Slumberland Records, which celebrated its 20th birthday Saturday night at the Bell…
- Posted on Apr 6th 2012 3:45PM by David Chiu
"'Know Me' was recorded the night Hurricane Irene was supposed to hit us. We were scared the studio might actually flood, so we were really down to the wire, and I think we did the entire song in one day. I was waiting for this epic hurricane that never came. I was in a vocal booth making up lyrics. It was a total surprise and shocker that it ended up being the single and it's my favorite song on the record."
Those who are familiar with the former Crystal Stilts/Vivian Girls/Dum Dum Girls member will notice something different in her sound on Interstellar, a shift from the '60s-styled girl-group pop of Frankie Rose and the Outs to a work that contains elements of New Wave and modern rock.
"There's been a lot of reverb happening in music lately," Rose explains. "Everything has just been kind of a wash. Although I understand why it's satisfying to hear that and it's a really pleasant sound for everyone, I definitely wanted something more lush and cleaner, bigger-sounding, almost cinematic."
Rose describes Interstellar, which took her a year to write and record, as a concept album whose songs were influenced by a legendary writer. "A lot of the songs are inspired by old Ray Bradbury Sci-Fi stories. Nobody knows because it's not obvious. It's definitely tracked in a certain order. It was planned in my mind that way."
The material on Interstellar varies between rock numbers in "Night Swim" and "Daylight Sky," and mood-influenced songs such as the title track and the cinematic "Moon in My Mind." "That originally was written for and submitted to a movie that shall remain unnamed," Rose says of the latter track. "Unfortunately, I got it in late and it didn't fly because I got it in late. It was originally written for a movie about vampires, but I really liked it and I decided that I wanted to keep it as an album track."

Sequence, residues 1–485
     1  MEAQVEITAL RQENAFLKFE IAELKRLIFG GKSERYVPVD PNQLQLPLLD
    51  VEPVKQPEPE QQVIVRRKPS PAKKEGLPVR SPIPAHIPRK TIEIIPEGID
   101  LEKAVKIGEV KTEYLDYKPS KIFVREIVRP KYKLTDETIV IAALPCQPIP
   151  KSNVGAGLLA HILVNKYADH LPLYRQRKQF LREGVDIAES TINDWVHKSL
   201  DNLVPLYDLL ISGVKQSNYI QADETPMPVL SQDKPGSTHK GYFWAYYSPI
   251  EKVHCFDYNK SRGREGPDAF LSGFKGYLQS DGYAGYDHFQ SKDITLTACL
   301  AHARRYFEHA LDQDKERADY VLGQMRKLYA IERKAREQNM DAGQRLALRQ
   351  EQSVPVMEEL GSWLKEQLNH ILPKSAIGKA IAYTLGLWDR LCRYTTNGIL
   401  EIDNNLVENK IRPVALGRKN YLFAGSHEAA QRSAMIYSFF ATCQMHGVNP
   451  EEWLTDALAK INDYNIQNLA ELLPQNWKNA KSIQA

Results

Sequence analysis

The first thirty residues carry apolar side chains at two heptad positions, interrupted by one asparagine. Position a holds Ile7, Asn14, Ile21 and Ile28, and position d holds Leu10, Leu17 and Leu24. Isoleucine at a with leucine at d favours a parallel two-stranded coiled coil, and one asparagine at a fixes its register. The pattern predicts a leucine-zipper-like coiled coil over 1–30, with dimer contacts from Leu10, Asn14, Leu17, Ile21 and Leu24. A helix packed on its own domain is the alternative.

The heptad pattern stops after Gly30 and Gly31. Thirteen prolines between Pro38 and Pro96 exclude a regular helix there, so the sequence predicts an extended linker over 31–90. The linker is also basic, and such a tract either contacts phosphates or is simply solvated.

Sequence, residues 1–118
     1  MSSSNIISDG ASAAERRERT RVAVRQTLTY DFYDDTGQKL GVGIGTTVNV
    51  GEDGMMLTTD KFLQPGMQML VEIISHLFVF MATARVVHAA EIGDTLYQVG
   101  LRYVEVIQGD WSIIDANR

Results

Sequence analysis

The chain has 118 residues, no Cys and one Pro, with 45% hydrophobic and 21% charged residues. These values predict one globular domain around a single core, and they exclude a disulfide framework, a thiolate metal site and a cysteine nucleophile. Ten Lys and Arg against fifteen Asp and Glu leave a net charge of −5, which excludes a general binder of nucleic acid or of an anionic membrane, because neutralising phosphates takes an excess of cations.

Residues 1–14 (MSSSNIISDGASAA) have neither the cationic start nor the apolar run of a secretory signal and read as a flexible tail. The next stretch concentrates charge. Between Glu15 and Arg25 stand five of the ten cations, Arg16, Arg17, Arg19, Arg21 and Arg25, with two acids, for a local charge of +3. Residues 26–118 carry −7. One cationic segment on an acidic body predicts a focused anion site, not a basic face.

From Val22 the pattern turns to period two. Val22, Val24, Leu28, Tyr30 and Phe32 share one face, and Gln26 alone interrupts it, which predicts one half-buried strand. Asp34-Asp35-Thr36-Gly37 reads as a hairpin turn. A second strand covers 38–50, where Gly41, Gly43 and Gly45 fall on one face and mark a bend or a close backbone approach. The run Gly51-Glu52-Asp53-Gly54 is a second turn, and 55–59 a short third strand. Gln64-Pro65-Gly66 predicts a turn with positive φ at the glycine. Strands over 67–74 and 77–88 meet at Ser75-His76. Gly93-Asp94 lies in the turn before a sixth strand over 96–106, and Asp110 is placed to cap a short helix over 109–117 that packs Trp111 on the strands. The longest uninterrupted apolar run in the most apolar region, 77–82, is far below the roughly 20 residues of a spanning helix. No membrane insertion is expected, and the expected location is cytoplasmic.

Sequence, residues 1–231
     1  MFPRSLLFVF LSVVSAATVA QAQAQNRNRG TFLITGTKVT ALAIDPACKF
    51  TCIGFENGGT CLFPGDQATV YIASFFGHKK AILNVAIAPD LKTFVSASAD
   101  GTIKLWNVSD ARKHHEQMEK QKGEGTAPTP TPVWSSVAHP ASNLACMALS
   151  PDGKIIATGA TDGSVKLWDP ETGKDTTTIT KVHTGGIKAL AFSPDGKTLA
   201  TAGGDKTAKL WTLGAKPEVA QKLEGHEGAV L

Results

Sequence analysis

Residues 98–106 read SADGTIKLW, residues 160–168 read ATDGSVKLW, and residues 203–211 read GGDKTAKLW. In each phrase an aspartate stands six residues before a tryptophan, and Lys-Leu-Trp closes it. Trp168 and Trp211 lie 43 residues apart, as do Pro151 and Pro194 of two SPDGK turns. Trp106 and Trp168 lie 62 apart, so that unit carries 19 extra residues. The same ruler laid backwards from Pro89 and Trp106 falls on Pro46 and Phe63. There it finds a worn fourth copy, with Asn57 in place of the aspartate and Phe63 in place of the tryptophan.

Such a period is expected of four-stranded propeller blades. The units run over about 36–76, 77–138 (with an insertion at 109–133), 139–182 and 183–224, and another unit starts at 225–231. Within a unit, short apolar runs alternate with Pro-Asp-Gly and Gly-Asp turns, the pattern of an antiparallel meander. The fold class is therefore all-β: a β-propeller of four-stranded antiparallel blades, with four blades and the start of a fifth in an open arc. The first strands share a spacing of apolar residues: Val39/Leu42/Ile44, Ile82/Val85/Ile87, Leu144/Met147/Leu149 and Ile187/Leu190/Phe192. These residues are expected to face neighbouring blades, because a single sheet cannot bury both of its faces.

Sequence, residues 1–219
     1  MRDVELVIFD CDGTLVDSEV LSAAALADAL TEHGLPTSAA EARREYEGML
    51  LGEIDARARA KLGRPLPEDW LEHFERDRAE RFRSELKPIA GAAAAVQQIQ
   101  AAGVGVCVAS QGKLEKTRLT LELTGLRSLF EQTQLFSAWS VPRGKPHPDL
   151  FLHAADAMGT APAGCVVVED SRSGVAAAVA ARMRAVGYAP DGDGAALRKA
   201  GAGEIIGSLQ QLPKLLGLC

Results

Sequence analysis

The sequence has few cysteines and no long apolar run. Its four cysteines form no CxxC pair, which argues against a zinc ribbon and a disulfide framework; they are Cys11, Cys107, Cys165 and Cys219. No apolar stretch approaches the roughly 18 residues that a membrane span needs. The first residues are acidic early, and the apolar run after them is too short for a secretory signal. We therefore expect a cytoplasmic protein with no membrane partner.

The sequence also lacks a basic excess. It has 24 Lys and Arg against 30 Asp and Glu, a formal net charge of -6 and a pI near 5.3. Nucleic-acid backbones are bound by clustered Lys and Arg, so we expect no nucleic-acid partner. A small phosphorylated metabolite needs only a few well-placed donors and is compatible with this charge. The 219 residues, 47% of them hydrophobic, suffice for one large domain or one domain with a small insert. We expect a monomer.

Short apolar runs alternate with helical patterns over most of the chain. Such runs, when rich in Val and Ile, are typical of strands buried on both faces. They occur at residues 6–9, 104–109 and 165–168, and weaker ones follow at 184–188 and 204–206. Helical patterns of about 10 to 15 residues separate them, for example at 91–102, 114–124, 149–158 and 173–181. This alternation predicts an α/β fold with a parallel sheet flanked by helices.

Rose is currently on a national tour, and she acknowledges that calling the shots now as a solo artist has its advantages and disadvantages. "You don't have to make decisions with other people, [which] can be really difficult at times. But now I have to answer every e-mail. If something happens or doesn't happen, I'm completely responsible. I also have bandmates [who] I need to make sure they're happy on tour. It's a different level of stress for sure but it's one that I'm actually more comfortable with."
Having been in three indie bands before going solo has been a learning experience for her. "I've literally seen the worse of things and the best of things. I've had every experience that you can possibly have on tour and different dynamics of being in a group: What it's like to be a great band leader, what it's like to be a bad band leader , how things can be dealt with in a good way or a bad way. Working with Dee Dee in Dum Dum Girls, she's amazing. She's a real egalitarian band leader. She made sure everyone was happy. I actually learned so much from her."
After putting out Interstellar, Rose is already thinking about the next record, which she hints may contain more strings. "The question I'm asked over and over again is why do I leave bands. Because generally I don't want to do the same thing twice," she says. "So I really doubt it will sound anything like Interstellar. It depends a lot on what I'm influenced by at the moment. I have some ideas swimming around in my head that sounds nothing like Interstellar. So I think it's going to be a surprise to me too."
For someone with an interesting track record in indie rock, Rose says the thing that she cares about is recording as far as a career highlight is concerned. "That's the most joy I have. It's the reason why I play music at. all. I enjoy being in the studio. It's bittersweet when the record is done for sure. I'm always looking forward to being back in there. That's for me pure joy."